Prince Ali bin Al-Hussein

AP

Former FIFA official Prince Ali takes soccer charity global

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GENEVA (AP) Former FIFA presidential candidate Prince Ali is taking his charity project worldwide to build on its work of bringing soccer to Syrian refugees in Jordan.

The prince detailed plans Tuesday for the Association Football Development Program Global to fund projects, donate equipment and provide expert management at a launch at Arsenal’s home stadium in London.

The NGO’s partners include War Child UK, which helps former child soldiers in Africa, the UEFA Foundation For Children, streetfootballworld and the Spanish league.

The prince’s original focus was in Asia, with funding from FIFA payments as a member of its executive committee from 2011-15. He decided to go global after meeting soccer officials on his FIFA election campaigns in 2015 and ’16.

“I realized you could really broaden the work to the entire world where there are so many similar challenges,” Prince Ali told The Associated Press in a telephone interview ahead of the launch event.

Central Africa is a target with the War Child Football Club project aiming to kick off in seven countries with help from AFDP Global.

Prince Ali said he is open to working with professional clubs who can apply to partner on projects.

“We are not going to limit ourselves to anything,” he said. “There is absolutely no politics involved. And it’s not limited to any place – it could be a project with inner-city kids in the U.K.”

The Zaatari refugee camp of 80,000 people displaced from Syria has been the program’s core work with 5,000 children now playing soccer, including on a field for girls opened in recent weeks.

“It’s an unfortunate situation but I’m very proud of what it has become,” said Prince Ali, who has no immediate plans to work with FIFA.

“We want to work independently but if we are asked to, then sure,” he said. “Any work we do has to be really physically tangible on the ground.”

UEFA has supported the Zaatari camp, and its president, Aleksander Ceferin, praised AFDP for “giving these children opportunities that they otherwise would not have had.”

After losing FIFA elections first against Sepp Blatter and then in a five-candidate contest won by Gianni Infantino, Prince Ali does not expect to try a third time.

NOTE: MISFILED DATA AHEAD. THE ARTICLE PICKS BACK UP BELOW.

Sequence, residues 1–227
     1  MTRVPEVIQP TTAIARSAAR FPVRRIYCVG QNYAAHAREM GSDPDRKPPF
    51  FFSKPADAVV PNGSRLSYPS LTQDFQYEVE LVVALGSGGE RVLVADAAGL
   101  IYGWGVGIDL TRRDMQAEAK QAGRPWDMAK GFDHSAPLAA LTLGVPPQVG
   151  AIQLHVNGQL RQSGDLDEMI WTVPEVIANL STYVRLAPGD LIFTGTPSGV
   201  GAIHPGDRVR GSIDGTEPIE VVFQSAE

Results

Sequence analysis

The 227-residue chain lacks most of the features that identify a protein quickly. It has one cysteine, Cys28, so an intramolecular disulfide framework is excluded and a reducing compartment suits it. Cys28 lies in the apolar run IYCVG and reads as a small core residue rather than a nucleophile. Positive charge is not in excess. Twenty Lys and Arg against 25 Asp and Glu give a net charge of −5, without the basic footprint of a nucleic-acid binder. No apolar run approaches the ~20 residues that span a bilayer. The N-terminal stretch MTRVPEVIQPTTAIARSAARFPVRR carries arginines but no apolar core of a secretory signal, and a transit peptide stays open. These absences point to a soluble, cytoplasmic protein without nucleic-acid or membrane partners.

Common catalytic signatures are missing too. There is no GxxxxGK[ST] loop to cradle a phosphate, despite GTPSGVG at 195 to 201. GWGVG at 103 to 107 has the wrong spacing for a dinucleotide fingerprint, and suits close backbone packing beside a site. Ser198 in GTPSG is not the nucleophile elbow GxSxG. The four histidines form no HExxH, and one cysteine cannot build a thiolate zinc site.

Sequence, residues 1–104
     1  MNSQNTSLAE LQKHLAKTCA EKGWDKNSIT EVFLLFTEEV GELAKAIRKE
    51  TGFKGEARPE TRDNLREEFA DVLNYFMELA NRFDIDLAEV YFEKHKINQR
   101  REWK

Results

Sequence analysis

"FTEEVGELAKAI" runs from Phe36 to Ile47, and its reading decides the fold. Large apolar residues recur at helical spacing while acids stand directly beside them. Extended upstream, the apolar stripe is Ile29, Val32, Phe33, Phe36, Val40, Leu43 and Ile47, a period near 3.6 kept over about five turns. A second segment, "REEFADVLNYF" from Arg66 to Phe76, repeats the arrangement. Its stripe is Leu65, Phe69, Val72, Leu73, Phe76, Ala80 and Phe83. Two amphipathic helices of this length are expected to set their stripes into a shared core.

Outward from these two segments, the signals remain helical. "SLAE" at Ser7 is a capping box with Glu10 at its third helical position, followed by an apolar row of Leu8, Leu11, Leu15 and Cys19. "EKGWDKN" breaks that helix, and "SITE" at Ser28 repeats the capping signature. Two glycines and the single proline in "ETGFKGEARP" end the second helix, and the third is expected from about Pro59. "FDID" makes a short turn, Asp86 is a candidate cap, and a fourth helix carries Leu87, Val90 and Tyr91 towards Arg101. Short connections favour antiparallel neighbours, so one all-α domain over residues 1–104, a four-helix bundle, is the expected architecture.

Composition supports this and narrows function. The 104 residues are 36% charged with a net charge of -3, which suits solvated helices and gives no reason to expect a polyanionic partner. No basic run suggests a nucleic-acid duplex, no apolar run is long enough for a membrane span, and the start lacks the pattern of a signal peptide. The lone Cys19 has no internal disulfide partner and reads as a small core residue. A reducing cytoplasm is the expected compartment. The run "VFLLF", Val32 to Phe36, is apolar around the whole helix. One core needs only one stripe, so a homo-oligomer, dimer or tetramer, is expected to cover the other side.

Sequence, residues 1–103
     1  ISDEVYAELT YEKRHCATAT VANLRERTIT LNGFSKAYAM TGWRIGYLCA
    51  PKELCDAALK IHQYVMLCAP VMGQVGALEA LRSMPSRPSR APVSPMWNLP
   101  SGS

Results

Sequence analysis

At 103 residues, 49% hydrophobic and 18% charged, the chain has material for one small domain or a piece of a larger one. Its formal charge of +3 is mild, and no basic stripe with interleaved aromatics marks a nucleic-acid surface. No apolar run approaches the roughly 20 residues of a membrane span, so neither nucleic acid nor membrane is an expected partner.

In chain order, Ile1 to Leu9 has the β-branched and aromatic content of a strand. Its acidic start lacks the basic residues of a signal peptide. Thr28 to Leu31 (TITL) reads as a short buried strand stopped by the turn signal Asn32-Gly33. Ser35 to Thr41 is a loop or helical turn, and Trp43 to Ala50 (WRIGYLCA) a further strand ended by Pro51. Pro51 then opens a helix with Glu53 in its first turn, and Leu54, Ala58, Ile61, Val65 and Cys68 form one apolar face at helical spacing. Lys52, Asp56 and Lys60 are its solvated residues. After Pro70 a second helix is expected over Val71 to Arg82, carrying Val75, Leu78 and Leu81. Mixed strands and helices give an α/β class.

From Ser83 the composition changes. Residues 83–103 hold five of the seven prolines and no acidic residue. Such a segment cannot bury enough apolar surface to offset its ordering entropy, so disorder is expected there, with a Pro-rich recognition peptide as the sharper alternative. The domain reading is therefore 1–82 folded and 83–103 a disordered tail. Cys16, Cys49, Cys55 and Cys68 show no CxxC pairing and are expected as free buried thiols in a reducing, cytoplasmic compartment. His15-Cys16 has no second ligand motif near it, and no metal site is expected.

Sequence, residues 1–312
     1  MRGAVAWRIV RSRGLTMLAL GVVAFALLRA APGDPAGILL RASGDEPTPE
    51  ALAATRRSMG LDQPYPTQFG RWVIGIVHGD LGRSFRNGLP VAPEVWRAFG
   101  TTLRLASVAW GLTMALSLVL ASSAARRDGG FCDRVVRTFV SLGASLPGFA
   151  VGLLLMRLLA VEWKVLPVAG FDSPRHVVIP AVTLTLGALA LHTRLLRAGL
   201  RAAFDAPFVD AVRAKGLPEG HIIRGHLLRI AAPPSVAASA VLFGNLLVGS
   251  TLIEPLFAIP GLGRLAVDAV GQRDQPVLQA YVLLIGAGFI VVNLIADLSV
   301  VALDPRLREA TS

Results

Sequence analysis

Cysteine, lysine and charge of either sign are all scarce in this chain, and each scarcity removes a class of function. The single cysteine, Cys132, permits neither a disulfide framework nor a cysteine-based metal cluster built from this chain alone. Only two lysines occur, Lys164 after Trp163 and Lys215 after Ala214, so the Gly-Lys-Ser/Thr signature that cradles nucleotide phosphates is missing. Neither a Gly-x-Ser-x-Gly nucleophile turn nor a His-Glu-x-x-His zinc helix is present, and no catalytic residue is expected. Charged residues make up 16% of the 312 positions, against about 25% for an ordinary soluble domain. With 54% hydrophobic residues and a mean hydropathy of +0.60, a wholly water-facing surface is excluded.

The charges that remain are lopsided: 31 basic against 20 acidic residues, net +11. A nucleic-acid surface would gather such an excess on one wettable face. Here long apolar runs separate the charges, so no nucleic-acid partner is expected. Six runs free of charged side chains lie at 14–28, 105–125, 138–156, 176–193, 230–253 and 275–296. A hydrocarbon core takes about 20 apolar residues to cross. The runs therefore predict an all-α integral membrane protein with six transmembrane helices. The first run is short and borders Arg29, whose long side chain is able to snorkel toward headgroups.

“My focus is on this project,” said the Jordanian soccer federation president, who also heads the West Asian group of FIFA member federations.

More AP soccer: https://apnews.com/tag/apf-Soccer and https://twitter.com/AP-Sports

FIFA ending racism task force denounced as shameful betrayal

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MANCHESTER, England (AP) FIFA’s abolition of its anti-racism task force was denounced as a shameful betrayal on Monday as the governing body went on the defensive to reaffirm its commitment to fighting discrimination.

The Associated Press revealed Sunday that the anti-racism group was being dismantled after FIFA decided that its mission had been completed after three years.

Kick It Out , English soccer’s anti-discrimination organization, said it was “perplexed” by FIFA’s decision, given the World Cup is being staged in 2018 in Russia “which is notorious for racism and abusive activities towards minorities.”

Jordanian federation president Prince Ali said he found it “incredibly worrying” that the task force was being scrapped given the “very real and apparent” discrimination problem that remains in soccer.

“The fight against racism is far from over and the notion that the current FIFA leadership believes that the `task force’s recommendations have been implemented’ is shameful,” said Prince Ali, a former FIFA presidential candidate and FIFA vice president. “Now the idea that FIFA believes that it’s the right time to disband its anti-racism task force is ridiculous.”

Prince Ali believes the task force should have been empowered to work further with soccer authorities and governments to use the sport to tackle discrimination in wider society.

“There is still so much work to do, and FIFA must show leadership, take responsibility for reform and be accountable if change isn’t put into practice,” Prince Ali said.

“Transparency, trust, credibility and integrity are the values that should run through everything FIFA does. Not tackling the plague of racism and discrimination properly is an absolute betrayal of those values.”